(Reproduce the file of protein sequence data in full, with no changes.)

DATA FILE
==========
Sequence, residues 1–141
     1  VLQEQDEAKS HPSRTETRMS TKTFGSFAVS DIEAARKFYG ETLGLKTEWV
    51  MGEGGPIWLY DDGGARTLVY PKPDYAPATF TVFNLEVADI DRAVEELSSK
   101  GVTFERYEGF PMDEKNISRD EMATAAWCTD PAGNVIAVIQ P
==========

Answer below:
Sequence, residues 1–141
     1  VLQEQDEAKS HPSRTETRMS TKTFGSFAVS DIEAARKFYG ETLGLKTEWV
    51  MGEGGPIWLY DDGGARTLVY PKPDYAPATF TVFNLEVADI DRAVEELSSK
   101  GVTFERYEGF PMDEKNISRD EMATAAWCTD PAGNVIAVIQ P